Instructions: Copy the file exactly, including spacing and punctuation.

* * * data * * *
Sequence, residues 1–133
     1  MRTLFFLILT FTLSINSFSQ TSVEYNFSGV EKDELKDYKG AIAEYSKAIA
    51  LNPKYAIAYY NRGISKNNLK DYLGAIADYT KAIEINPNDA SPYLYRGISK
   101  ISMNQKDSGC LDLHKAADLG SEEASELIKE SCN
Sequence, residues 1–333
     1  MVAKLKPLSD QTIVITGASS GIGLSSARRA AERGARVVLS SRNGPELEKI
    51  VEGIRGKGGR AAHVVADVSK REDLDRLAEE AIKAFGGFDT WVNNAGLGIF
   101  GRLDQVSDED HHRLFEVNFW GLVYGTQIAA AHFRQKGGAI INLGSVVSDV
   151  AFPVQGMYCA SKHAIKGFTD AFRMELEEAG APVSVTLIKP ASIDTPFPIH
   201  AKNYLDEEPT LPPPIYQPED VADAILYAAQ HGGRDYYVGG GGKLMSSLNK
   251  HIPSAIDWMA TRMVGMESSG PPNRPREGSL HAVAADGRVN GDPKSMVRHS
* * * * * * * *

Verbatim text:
Sequence, residues 1–133
     1  MRTLFFLILT FTLSINSFSQ TSVEYNFSGV EKDELKDYKG AIAEYSKAIA
    51  LNPKYAIAYY NRGISKNNLK DYLGAIADYT KAIEINPNDA SPYLYRGISK
   101  ISMNQKDSGC LDLHKAADLG SEEASELIKE SCN
Sequence, residues 1–333
     1  MVAKLKPLSD QTIVITGASS GIGLSSARRA AERGARVVLS SRNGPELEKI
    51  VEGIRGKGGR AAHVVADVSK REDLDRLAEE AIKAFGGFDT WVNNAGLGIF
   101  GRLDQVSDED HHRLFEVNFW GLVYGTQIAA AHFRQKGGAI INLGSVVSDV
   151  AFPVQGMYCA SKHAIKGFTD AFRMELEEAG APVSVTLIKP ASIDTPFPIH
   201  AKNYLDEEPT LPPPIYQPED VADAILYAAQ HGGRDYYVGG GGKLMSSLNK
   251  HIPSAIDWMA TRMVGMESSG PPNRPREGSL HAVAADGRVN GDPKSMVRHS